By Neil Taylor
As a fishing guide, an outdoor writer and sometimes just as a citizen there are rare and unique reasons to feel good about something amid a lot of rigmarole and red tape. In most facets of life one can look around and see “agencies” and “organizations” that solicit money and promise to do this or that and we all know, that money is just consumed by the infrastructure of bureaucracy even with the best of intentions.
Another thing that is refreshing to see: Time tested results. Feeding the bull. Getting it done. Quietly, powerful.
One such agency that wins out over any I have ever known for what I categorize as “Getting dirty and getting it done” is a nonprofit organization, volunteer based: Tampa Bay Watch.
Founded 20 years ago by Peter Clark, this organization fixes what man hath wrecked. As anyone who understands what the situation is in coastal Florida, the biggest risk to the future of our aquatic life is habitat destruction. Let’s take a look at what Tampa Bay Watch does. The list, basically describes the reversal of that damage in their successful projects: Oyster reefs, oyster domes, seagrass planting. This is not only restoration it is also beauty enhancement and improvement of water quality thrown in there. Win, win, win.
Our Mission is Clear:
TTampa Bay Watch is dedicated to the protection and restoration of the Tampa Bay Estuary through scientific and educational programs
You can’t talk about this organization without noting the other activities: Shoreline clean-ups, derelict crab trap removal and storm drain markers (great for educating people about the obvious: ”This drain goes to THE BAY!”) I have participated in storm drain marking in neighborhoods where I have lived and the lessons are learned from these visible markers.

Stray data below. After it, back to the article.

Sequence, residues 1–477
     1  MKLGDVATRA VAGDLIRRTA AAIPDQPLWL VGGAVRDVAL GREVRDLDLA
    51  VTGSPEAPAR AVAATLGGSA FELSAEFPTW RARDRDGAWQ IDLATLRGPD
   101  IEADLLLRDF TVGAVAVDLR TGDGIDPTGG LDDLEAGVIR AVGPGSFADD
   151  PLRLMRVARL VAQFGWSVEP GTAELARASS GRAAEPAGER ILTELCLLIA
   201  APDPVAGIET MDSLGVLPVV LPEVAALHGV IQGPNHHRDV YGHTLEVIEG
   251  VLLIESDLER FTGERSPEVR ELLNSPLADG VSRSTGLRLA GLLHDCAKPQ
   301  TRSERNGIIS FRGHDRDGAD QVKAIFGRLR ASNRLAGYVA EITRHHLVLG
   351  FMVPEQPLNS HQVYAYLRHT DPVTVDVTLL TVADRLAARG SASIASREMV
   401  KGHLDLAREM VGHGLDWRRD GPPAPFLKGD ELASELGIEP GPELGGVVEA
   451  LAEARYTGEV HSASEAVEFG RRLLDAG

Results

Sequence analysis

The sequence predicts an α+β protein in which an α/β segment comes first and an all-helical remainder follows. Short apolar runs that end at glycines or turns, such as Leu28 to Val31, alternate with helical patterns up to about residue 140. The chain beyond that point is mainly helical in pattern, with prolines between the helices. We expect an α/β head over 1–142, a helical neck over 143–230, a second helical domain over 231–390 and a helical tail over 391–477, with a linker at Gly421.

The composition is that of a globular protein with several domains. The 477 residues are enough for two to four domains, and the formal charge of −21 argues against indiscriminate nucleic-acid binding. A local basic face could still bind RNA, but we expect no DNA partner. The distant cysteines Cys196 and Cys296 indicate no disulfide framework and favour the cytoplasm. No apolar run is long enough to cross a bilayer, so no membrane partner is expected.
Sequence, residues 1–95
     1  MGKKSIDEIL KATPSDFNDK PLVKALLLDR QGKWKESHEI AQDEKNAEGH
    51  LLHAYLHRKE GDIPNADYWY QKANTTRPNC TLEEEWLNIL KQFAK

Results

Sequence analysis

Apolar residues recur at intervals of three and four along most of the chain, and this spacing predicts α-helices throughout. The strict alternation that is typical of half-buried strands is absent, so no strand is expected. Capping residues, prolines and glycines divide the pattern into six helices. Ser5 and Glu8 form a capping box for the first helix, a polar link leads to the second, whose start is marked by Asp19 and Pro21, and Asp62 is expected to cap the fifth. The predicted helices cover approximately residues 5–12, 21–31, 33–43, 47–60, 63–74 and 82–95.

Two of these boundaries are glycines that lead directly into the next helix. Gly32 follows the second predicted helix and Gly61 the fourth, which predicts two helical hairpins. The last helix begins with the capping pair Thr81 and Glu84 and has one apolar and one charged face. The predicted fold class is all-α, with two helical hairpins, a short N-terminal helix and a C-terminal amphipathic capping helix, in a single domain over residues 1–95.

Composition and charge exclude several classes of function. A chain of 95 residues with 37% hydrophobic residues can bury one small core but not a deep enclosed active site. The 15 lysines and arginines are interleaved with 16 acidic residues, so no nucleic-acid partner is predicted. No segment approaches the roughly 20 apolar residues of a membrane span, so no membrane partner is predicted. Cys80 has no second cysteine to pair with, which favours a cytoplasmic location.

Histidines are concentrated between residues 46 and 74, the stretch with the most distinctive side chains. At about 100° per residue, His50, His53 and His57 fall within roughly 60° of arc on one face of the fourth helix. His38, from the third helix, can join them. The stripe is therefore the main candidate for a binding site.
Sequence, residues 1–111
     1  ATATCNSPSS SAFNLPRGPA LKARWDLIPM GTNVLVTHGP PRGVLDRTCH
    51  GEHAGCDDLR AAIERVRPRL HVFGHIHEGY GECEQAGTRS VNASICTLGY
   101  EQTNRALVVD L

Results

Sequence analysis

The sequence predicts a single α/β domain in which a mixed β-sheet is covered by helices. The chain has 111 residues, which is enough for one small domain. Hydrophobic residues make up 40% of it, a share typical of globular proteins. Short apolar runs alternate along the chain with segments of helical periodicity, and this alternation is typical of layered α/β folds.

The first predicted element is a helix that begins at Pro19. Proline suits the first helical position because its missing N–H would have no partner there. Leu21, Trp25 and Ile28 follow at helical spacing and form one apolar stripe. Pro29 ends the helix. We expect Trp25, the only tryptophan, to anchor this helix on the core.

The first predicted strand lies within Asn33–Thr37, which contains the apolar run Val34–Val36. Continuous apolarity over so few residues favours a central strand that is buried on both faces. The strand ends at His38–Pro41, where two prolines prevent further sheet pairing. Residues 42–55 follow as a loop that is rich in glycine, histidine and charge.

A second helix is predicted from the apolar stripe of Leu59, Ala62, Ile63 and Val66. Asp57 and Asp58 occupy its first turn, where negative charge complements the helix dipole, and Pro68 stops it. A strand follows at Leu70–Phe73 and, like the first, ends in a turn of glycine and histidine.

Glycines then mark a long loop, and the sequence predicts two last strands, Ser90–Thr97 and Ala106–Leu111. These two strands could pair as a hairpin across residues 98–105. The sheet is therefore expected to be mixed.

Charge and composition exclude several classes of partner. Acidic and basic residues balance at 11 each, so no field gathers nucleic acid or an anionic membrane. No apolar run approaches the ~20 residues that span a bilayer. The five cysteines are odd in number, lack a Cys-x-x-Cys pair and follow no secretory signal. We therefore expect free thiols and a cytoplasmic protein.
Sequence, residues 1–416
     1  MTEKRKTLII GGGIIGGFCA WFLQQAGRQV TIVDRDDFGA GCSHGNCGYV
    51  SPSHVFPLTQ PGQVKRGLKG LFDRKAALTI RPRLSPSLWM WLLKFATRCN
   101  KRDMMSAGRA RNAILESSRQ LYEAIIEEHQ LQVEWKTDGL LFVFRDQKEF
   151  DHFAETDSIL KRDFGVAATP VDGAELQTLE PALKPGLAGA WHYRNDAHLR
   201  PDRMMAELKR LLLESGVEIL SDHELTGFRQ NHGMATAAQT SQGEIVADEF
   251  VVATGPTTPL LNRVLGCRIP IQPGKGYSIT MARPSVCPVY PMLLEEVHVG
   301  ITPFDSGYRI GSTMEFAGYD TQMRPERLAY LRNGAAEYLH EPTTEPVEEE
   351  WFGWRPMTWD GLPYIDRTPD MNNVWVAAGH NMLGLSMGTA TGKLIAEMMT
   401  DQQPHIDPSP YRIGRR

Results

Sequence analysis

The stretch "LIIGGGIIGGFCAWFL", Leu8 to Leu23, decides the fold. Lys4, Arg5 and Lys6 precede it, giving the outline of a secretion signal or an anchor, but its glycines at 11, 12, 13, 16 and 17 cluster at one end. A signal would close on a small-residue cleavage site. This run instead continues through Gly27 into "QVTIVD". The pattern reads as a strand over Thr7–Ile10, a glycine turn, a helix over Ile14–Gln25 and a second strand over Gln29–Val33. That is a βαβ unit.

There are their actions and then there is also their facility and education. Their site on Cunningham Key, just past Tierra Verde and before the entrance to Fort Desoto is “headquarters” but also a great facility for the education of both youth and anyone else who wants to learn about the estuary that is Tampa Bay and how to do things to protect our future. The staff and programs that are offered, perfect for handling these programs, teaching in the buildings and taking the participants out on the water to see it for themselves.
My own involvement over the past ten years: Not as much as I would like but I stay involved the best I can. In 2012 I proposed a site for an oyster reef project: Just north of the seawall on Honeymoon Island. In what ended up being one of their largest projects to date: Nearly 100 tons of fossilized oyster and shell has been placed in permitted locations. Assisting an existing oyster line that will benefit from the added structure, the future of that fishery will be enhanced perpetually from this endeavor. This was their first large project in this part of Pinellas County and will be a delight to watch the positive impacts for decades to come.
How can you help? First off, there is a more work to be done on that particular project that is not covered by grant funds. TBW operates with volunteers and is funded by these grants, membership fees and private donations. If you can do it, donate to help finish the rest of this great project! In general, if you can’t make it out to volunteer, think about joining this organization as a member. If you can, do both! This is rewarding work, and don’t kid yourself, it is work. But as I have learned from the people I come from: Anything that is hard work is worth it. I still paddle out and look at the live oysters that exist from my first time holding a shovel at one of these events nearly a decade ago and smile at the fish that are living around that structure.
For those who are already involved, you have my gratitude. For those who have not yet been involved but would like to be, contact them or call me and we can talk about it some more. In pure praise: Peter Clark has been winning awards for what he has done. I don’t think he has been acknowledged enough. He not only created this and saw this through, he continues to manage a staff and keep coming up with new ways and ideas to continue restoring things that need the most help.
I heard that they have done the equivalent of two miles of new oyster reef with their projects. Jump up and find your ways to help make them get to ten. I will continue to do everything I can. And I know every time I do, I am making an investment in my future as a fishing guide.
See what they do: http://tampabaywatch.org/index.html
Make a donation: https://app.etapestry.com/hosted/TampaBayWatch/OnlineMembership.html